Thursday, September 1, 2011

MrsDrPoe: The Key to Singing

Once again Theology Thursday is upon us, and as always, I invite you to open your Bibles with me as we examine a portion of God's word. Today we will take a brief look at one aspect of our worship to the Lord- singing.

In several places in the new testament, we are instructed to sing to the Lord:

James 5:13 - Is anyone among you suffering? Let him pray. Is anyone cheerful? Let him sing psalms.

Eph 5:18-21 - And do not be drunk with wine, in which is dissipation; but be filled with the Spirit, speaking to one another in psalms and hymns and spiritual songs, singing and making melody in your heart to the Lord, giving thanks always for all things to God the Father in the name of our Lord Jesus Christ, submitting to one another in the fear of God.

Col 3:16 - Let the word of Christ dwell in you richly in all wisdom, teaching and admonishing one another in psalms and hymns and spiritual songs, singing with grace in your hearts to the Lord.

1 Cor 14:26 - How is it then, brethren? Whenever you come together, each of you has a psalm, has a teaching, has a tongue, has a revelation, has an interpretation. Let all things be done for edification.

1 Cor 14:15 - ...I will sing with the spirit, and I will also sing with the understanding.

Based on these verses, it seems pretty obvious that we should sing to the Lord. We can also see some of the purposes of our singing- it shows we're cheerful; it shows we're filled with the Spirit; it can teach, admonish, and edify us and our fellow brethren. These verses also show us one important instruction that we must keep in mind when singing to the Lord: we should sing with understanding.

This instruction should make sense to us in the context of teaching, admonishing, and edifying one another and of glorifying God in song. If you were teaching a child to add fractions, would you expect him/her to get anything from your lesson if you didn't know what you were talking about? If I told you, "If you need anything, call me. I'll be praying for you." in Italian, would that be of any comfort to you? If you wanted to get your mother a card for Mother's Day, wouldn't you try to understand what a card was saying to make sure that it conveyed to her the exact sentiments that you wanted to? In these everyday examples, we can see that understanding is crucial to teaching, admonishing, edifying, comforting, glorifying, etc. Italian may sound pretty, but if you don't know what I'm saying it means nothing- just like singing "ye that labor and are heavy laden, lean upon your dear Lord's breast*" is not a comfort unless it is sung (and heard) with understanding. We must take great care to focus on the words of the songs that we sing while we are singing them.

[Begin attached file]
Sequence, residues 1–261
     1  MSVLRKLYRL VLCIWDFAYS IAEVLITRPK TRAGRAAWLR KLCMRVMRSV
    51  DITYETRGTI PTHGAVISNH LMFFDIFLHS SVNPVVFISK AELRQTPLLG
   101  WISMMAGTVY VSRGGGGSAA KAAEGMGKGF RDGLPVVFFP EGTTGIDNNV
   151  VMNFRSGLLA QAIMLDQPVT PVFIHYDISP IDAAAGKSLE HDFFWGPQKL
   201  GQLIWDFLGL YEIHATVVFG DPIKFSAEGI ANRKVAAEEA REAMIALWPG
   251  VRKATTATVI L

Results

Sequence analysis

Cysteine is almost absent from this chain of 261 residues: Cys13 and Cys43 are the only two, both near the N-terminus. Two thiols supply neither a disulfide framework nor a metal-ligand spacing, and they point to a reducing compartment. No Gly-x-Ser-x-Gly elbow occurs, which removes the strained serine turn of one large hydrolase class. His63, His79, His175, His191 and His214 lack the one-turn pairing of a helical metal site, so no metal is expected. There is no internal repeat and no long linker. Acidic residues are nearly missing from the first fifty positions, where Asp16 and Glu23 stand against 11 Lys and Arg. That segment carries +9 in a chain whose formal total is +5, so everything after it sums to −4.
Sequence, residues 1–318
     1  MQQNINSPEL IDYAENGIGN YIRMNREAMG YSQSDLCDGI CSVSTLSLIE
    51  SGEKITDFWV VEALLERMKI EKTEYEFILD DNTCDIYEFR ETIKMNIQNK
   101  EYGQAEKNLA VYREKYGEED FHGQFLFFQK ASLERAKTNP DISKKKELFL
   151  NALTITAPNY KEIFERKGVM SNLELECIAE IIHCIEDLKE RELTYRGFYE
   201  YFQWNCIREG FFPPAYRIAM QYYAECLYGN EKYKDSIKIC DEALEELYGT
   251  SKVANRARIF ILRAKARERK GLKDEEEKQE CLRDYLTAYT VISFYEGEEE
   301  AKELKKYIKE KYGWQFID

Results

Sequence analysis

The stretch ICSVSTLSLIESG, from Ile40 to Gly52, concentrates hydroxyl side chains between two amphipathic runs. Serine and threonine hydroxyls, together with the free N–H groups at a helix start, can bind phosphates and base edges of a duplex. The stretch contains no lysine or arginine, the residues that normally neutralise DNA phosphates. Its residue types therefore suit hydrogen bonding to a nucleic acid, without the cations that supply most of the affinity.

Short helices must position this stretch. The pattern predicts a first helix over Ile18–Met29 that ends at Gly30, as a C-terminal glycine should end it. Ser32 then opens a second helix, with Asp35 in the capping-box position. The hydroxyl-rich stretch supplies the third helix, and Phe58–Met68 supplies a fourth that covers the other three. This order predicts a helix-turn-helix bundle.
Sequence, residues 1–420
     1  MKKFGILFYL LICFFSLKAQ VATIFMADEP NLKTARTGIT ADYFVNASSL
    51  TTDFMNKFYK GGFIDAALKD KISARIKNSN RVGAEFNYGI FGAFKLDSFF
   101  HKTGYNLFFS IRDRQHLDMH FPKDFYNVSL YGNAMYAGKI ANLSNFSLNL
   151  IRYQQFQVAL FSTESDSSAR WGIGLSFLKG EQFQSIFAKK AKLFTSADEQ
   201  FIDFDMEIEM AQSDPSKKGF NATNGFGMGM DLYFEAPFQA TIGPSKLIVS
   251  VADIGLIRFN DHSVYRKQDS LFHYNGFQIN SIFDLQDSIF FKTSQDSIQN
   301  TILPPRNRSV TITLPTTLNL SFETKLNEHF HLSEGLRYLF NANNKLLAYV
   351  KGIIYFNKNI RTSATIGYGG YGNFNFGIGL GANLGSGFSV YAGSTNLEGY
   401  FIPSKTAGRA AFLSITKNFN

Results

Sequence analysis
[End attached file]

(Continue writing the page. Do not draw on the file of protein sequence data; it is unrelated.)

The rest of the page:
Mr. Poe and I were in a Bible study of sorts several weeks ago, when he brought up his favorite hymn, "It Is Well with My Soul." The song is a beautiful one, due to both the musical notes and the fantastic lyrics. Let's look at a couple of verses as another example:

My sin, oh, the bliss of this glorious thought! My sin, not in part but the whole, Is nailed to the cross, and I bear it no more, Praise the Lord, praise the Lord, O my soul!"

How encouraging and comforting! Every time we sing this verse, we are reminding ourselves and those around us that Jesus Christ died on the cross in order to redeem us!
"He poured out His soul unto death, and He was numbered with the transgressors, and He
bore the sin of many and made intercession for the transgressors." (Isaiah 53:12) We are no longer slaves to sin because Christ bore ALL our sins on the cross for us!

"And Lord, haste the day when my faith shall be sight, The clouds be rolled back as a scroll; The trump shall resound, and the Lord shall descend, Even so, it is well with my soul."

How we Christians do long for this day! Christ's glorious second coming... But think about this: suppose you've never become a Christian or suppose you are a Christian who's returned to living in sin AND you're singing along with this 'beautiful song.' By singing these lyrics, you are asking God to "haste the day" of His're asking for your own condemnation to come quickly!

Do you see why we need to sing with understanding?

On a related note, if any of you will be in the Atlanta area during the next several weeks, one of our adult classes will be focused on this topic to help us better praise God in song.

*From "Hark! The Gentle Voice"


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